Appreciate your thoughts on this one.
You can contact me @ kkanakas on twitter with your comments

Product Management – Solution versus Product. What is the difference?

What is a solution and what is a product? Like everyone else I have struggled with this question for a long time.  How differentiate between the two? Solutions are mixture of various components where the sum of the components are greater than their parts. A product is a singular component that solves a singular purpose. This explanation sounds very easy conceptually but when you try to implement it practically, it is very hard. But it need not be.  Solution and product depend on the problem that is being solved. Now let me assure you all I am not an expert at this and what I am writing is strictly based on my experience, so feel free to disagree with me and provide your feedback to me on this topic so that I can improve my understanding.  When I am not able distinguish between the two i.e. solution or a product. I take a look at something that we all take for granted each day, when we are thirsty we need a drink. Let us a take take a closer look at this.

Problem:  I am thirsty
If I am thirsty, I usually have a few options. I can go the cheap route and grab myself a glass of water or  the expensive route get bottled water (funny same water packaged in a bottle is more expensive, but we will get to that part later). I can even get a  bottle of juice if I feel that I need something with a little more taste. Now water, juice, and energy drinks they are products if my perspective was to quench my thirst, then any of them would be a suitable product to quench my thirst. But suppose my intent is in the context of an  athlete and as part of my athletic regimen, I did not want to dehydrate or get a cramp while I am training or physically exerting myself.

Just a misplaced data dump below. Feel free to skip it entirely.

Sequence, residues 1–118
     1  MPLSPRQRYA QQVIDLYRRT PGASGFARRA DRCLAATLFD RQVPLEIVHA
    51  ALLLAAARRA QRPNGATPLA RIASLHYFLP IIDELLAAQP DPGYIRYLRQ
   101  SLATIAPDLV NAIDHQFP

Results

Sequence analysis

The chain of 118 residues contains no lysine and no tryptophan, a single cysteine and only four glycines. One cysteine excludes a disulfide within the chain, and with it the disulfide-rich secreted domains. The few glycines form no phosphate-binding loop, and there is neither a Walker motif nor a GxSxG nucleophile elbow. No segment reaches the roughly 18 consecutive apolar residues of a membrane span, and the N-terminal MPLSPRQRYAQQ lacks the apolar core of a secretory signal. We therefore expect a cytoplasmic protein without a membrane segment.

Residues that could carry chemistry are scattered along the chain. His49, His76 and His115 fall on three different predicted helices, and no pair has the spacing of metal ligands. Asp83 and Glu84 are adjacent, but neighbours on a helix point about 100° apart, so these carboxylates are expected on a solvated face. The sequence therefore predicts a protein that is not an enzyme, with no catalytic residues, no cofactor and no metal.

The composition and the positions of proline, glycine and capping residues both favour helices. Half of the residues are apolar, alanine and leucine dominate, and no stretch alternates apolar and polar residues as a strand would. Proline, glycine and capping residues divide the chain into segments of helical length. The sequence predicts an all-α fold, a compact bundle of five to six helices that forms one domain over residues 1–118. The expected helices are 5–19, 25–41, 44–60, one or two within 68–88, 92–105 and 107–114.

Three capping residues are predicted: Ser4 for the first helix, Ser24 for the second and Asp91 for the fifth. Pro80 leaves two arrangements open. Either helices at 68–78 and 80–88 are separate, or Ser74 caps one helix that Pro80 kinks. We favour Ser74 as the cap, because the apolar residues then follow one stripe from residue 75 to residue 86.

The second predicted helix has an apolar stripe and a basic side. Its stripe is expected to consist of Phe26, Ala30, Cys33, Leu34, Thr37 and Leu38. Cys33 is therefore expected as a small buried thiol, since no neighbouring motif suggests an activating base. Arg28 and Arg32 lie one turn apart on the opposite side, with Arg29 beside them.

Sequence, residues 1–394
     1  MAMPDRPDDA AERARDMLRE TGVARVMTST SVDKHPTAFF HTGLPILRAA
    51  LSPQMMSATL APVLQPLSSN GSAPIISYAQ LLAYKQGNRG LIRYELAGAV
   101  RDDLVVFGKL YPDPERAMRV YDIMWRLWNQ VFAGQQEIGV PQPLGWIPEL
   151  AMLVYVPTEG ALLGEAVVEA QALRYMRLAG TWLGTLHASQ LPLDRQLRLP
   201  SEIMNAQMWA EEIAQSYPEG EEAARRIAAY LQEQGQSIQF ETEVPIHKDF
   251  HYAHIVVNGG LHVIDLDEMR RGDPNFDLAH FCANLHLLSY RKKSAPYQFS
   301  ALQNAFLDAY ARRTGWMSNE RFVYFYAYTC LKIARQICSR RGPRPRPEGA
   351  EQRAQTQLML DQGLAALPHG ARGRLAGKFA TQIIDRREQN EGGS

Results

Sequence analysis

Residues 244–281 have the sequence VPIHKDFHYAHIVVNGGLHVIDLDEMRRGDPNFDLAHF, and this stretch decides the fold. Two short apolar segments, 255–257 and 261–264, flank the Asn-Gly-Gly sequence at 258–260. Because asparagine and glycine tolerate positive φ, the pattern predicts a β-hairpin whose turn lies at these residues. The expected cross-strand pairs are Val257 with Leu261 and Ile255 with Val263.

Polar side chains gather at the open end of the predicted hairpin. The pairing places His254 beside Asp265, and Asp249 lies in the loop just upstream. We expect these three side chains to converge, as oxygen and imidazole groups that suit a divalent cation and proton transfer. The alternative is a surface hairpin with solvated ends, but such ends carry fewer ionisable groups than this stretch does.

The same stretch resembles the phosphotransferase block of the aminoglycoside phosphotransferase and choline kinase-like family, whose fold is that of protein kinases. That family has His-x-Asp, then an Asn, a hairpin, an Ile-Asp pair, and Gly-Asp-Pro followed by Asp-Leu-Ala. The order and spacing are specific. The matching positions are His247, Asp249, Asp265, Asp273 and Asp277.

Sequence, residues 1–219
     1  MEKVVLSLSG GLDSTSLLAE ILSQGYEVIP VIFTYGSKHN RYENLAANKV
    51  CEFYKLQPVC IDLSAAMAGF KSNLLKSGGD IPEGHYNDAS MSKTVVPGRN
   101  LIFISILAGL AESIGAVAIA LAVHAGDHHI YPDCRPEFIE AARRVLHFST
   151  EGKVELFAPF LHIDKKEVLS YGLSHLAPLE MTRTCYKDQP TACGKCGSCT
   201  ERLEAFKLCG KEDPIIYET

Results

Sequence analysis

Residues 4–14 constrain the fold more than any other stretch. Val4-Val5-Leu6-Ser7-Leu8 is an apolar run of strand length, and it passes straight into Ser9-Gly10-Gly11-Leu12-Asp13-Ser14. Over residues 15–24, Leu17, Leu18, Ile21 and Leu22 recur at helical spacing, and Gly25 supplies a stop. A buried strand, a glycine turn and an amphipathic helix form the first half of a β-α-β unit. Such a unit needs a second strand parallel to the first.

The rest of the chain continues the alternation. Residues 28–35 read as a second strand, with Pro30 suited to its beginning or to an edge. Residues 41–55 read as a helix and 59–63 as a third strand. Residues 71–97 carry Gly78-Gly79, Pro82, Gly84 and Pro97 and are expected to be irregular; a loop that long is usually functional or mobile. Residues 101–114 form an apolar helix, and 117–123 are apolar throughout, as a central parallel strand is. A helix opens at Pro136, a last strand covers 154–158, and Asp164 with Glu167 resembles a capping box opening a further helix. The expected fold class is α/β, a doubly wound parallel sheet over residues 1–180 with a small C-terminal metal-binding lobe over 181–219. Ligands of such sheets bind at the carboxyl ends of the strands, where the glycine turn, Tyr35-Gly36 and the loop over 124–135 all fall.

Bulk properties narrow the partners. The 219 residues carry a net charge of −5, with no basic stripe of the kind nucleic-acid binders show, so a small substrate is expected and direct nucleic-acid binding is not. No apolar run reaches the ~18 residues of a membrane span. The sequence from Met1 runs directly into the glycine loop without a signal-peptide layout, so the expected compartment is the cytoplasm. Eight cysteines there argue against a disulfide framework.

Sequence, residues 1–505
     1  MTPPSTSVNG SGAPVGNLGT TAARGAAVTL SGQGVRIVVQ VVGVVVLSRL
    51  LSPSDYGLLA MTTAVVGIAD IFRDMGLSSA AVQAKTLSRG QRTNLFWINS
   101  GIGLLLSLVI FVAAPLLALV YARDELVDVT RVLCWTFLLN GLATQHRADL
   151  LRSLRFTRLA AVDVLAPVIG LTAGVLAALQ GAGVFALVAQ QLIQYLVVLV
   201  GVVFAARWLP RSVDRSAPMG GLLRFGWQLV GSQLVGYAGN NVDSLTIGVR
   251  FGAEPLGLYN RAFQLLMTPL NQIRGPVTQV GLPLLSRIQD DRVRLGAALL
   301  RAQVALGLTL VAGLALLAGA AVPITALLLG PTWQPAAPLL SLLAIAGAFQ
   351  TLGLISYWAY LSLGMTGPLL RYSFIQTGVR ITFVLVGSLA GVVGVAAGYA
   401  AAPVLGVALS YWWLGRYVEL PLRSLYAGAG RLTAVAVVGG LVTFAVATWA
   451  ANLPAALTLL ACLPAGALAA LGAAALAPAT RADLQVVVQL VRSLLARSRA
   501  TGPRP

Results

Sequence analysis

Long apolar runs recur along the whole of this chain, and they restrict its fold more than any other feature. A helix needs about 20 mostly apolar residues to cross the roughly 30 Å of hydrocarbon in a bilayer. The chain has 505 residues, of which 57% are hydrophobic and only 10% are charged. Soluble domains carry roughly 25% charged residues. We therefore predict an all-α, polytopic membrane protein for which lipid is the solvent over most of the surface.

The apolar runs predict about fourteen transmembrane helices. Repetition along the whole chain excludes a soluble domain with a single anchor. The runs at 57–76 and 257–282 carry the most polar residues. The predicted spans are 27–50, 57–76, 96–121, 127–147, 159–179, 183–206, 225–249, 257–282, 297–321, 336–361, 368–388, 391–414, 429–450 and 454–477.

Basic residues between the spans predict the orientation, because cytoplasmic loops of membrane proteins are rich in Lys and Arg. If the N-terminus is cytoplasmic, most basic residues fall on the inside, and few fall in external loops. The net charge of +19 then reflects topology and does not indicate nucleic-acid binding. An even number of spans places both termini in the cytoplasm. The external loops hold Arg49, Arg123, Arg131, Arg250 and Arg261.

Problem: I sweat a lot and hence dehydrate and cramp up, I need something to replenish my energy
Whoa ! what just happened here? We just went from me being thirsty to me not wanting to dehydrate and wanting to replenish my energy, and there lies the subtle difference between product and solution. In order to make sure that my energy and dehydration problem is solved I do not need just a product, I need a solution to my problem.  Now that solution could be a product or a group of products but the sum of all capabilities of a product (products) solves my problem of not dehydrating and still being able to enjoy peak performance. 
So when a product or a set of product tends to focus on the bigger  problem that a person is having, the propensity to do what it takes to solve the problem is greater. Because the cost of not fixing the issue has serious consequences (based on the context). Now even if I was thirsty and I decided to forgo my drink of water for a few more hours it generally does not hamper my overall performance and I can always make up for not having water later anyways (through drinking coffee, tea or something else). 
Oh! I almost forgot about the bottled water reference earlier, is the filtered bottled water a product or a solution ? I say it is all a matter of perspective. Please feel share your thoughts on this one.
You can contact me @ kkanakas on twitter with your comments

Product Management – How to say No!

It is very hard to say NO but sometimes you have too, in order to focus, You have to say No!